Lucian Kim

Inside the Brain of Vladimir Putin (Part I)

Vladimir Putin finally commented today on the largest anti-government rallies of his 12 years as Russia’s supreme leader. Putin did his best to show how “normal” he thought things were in the country, saying he was taking ice hockey lessons on Saturday afternoon when tens of thousands of Russians rallied to protest vote-rigging at the December 4 parliamentary election.

Putin said he later saw “young, active people” at the rally on the TV news. “If that’s the result of ‘the Putin regime,’ that’s good,” he said. His sarcasm went even farther. Speaking live on national TV, he confessed that at first he had mistaken the white ribbons worn by protesters for rolled-out condoms, perhaps as part of an AIDS awareness campaign.

Considering Putin had four days to plan his reaction to the protests, it was remarkably weak.

While he hinted at a few liberalizing adjustments to his centralized power structure, the basic message was “stay the course.” Rather than steal back the political initiative from his opponents, Putin offered no new arguments why voters should return him to the presidency in March – or think twice about demonstrating on December 24. It’s not enough anymore for Putin to count on his legendary popularity. His latest approval rating stands at 35 percent, its lowest point ever, according to the Levada Center.

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Putin is one of the most misunderstood world leaders, despite the vast public record of his speeches, meetings and interviews. Today he spoke with citizens for four-and-a-half hours during his tenth annual televised call-in show, breaking last year’s record by several minutes. Just from his remarks made today, it’s possible to piece together Putin’s world view. In the West, Putin is often characterized as “enigmatic” or “icy,” maybe because that fits the stereotype of the KGB spy he used to be. In fact, Putin is surprisingly open and very emotional.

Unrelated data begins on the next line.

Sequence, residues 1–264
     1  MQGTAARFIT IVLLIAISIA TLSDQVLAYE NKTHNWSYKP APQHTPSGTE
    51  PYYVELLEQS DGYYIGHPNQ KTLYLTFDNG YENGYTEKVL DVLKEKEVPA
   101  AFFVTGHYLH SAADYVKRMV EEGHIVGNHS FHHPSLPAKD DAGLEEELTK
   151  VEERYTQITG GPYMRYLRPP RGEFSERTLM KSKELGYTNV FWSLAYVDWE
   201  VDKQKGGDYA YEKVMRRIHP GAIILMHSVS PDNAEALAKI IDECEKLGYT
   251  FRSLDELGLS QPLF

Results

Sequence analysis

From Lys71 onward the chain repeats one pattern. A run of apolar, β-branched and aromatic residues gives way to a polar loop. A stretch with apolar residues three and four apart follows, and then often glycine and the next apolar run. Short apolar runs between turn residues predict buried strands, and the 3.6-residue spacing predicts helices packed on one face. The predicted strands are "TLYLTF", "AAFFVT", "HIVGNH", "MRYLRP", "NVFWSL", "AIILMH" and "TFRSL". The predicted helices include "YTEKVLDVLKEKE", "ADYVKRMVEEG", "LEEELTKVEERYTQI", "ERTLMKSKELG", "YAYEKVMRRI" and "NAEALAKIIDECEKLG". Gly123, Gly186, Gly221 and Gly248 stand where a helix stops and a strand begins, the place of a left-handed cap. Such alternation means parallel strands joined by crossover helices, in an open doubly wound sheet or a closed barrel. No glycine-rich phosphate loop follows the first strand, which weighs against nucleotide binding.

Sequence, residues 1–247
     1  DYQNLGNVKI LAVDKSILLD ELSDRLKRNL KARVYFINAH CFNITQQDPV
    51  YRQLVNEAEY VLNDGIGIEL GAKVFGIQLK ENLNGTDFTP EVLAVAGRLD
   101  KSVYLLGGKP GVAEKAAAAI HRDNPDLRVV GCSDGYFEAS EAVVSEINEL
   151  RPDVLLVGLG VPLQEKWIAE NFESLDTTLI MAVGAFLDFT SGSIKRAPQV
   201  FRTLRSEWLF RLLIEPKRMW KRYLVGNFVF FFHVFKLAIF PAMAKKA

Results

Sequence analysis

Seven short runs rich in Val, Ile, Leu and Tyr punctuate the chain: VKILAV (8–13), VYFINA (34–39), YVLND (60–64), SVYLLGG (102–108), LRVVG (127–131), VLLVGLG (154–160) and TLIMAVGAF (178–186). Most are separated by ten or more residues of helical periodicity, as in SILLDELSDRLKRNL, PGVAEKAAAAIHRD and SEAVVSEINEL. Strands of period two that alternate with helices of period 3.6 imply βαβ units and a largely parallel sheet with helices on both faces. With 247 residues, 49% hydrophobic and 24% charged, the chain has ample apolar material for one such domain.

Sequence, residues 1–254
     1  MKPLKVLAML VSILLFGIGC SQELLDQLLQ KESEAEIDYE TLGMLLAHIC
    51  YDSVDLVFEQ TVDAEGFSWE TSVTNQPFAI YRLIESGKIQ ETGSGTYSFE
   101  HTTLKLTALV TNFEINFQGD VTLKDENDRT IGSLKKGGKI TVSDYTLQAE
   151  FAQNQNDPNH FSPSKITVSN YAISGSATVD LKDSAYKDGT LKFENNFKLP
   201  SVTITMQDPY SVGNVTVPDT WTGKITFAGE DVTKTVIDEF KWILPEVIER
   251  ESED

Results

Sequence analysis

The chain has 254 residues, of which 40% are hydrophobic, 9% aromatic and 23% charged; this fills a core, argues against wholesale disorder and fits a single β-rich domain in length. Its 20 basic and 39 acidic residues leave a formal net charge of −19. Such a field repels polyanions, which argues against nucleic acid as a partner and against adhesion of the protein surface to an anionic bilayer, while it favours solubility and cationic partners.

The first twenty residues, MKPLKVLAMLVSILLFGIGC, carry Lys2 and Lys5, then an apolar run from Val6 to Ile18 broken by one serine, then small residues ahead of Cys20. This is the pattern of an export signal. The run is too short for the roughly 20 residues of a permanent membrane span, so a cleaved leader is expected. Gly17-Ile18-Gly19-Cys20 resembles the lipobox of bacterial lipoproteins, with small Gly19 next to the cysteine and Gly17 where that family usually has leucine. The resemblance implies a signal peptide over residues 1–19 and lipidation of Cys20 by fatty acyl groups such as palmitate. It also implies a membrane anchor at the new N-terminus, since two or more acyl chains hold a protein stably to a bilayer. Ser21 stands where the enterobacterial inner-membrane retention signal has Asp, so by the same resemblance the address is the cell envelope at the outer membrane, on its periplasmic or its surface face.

Putin’s greatest fear is a people’s revolt that will depose his government. This phobia has its origin 22 years ago, when Putin was working for the KGB in communist East Germany. He witnessed how mass demonstrations helped bring down the Berlin Wall in November 1989 and personally warded off a crowd of East German activists from storming the KGB building in Dresden. The impotence of the once mighty Soviet Union, which had more than 300,000 soldiers stationed in East Germany, left its mark on Putin.

Fifteen years later, the Orange Revolution in neighboring Ukraine gave Putin a fright like a recurring nightmare. He never believed that thousands of ordinary Ukrainians, so similar to Russians in temperament, would suddenly take to the streets to make political demands. He was convinced that the U.S. was behind the pro-western revolution as part of its plan to encircle, destabilize and colonize Russia.

“We want to be an ally of the U.S. It just
sometimes seems to me that America doesn’t
need allies but vassals.”

Today Putin explained yet again that only Russia’s nuclear deterrent guarantees the country’s independence in the face of U.S. designs to dominate the world. “We want to be an ally of the U.S.,” he said. “It just sometimes seems to me that America doesn’t need allies but vassals.”

Scenes of people power in countries such as Egypt, Syria and Libya have likewise met with Putin’s disapproval. U.S. Senator John McCain is helping him connect the dots.

Last week, after the first spontaneous protest following the parliamentary election, McCain tweeted: “Dear Vlad, the Arab Spring is coming to a neighborhood near you.”

Today Putin responded by saying Vietnam War veteran McCain had the blood of innocent civilians on his hands and must have gone crazy during the years he spent as a POW.

Whatever one may think about Putin’s view of the U.S., it is key to understanding how he might react if events take yet another unexpected turn.

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